Back pain compounded by wallet pain

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In a small but concerning study, researchers report that doctors may not always make MRI recommendations with their patient s best interests in mind. According to the study, presented at the Radiological Society of North America meeting in Chicago, doctors who own an MRI scanner may be more likely to recommend an unnecessary back scan than if they had no financial interest in the procedure.

In an analysis of 500 MRI scans on patients with lower back pain, about one in three showed no signs of abnormalities. Yet of these scans with normal results, 65 percent had been ordered by doctors who owned the MRI machines, whereas only 35 percent of the normal scans were ordered by doctors who did not. Considering that a physician who owns an MRI machine can earn over $1,000 per scan, there is significant concern that he or she may recommend a scan unnecessarily in order to compensate for the enormous cost of purchasing the scanner, or to earn a profit.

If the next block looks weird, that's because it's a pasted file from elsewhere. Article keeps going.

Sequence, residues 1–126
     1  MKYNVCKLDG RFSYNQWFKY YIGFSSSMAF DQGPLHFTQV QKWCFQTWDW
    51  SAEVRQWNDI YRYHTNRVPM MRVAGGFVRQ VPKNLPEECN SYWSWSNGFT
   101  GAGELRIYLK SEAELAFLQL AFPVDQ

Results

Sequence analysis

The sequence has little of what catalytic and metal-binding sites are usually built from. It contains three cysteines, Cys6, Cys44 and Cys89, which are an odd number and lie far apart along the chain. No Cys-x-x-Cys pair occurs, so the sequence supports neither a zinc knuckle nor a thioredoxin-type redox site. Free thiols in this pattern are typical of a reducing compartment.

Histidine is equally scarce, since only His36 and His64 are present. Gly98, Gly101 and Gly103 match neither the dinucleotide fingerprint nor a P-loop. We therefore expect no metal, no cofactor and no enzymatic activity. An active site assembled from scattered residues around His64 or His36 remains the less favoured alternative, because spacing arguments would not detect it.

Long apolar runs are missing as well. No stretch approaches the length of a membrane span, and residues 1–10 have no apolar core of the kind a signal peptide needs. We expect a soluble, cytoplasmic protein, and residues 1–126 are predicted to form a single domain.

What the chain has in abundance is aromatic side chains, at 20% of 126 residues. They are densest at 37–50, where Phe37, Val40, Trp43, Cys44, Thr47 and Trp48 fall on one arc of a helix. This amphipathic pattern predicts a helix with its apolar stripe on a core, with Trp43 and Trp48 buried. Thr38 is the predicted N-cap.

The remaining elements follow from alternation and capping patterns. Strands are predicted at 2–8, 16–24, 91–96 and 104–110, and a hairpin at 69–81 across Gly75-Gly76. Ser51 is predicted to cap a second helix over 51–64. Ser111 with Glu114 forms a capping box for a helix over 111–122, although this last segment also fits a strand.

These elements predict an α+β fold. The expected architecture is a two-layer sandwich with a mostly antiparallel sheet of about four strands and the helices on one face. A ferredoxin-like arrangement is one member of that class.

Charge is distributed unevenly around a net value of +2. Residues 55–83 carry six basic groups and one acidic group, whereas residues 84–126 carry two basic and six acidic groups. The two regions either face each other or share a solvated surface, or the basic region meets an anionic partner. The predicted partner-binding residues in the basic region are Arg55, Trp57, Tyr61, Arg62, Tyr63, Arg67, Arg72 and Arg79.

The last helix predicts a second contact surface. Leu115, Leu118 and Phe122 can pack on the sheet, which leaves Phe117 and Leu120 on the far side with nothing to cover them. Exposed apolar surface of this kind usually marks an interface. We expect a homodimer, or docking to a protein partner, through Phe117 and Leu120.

Not only does a lower back MRI scan cost a patient up to $2,000, but as Dr. Rita Redberg, editor of the Archives of Internal Medicine, points out, most lower back pain resolves itself without any treatment. So these MRIs can result in unnecessary surgery and its associated risks for a problem that never actually required treatment.

ACSH's Dr. Gilbert Ross points out that the small number of patients in this study does not support much of a generalization to the population. Still, he says, Needless MRIs are to be condemned, regardless of the motivation. That being said, he continues, "it's also much easier to call a procedure 'needless' in retrospect not so easy in the heat of diagnostic and therapeutic confusion.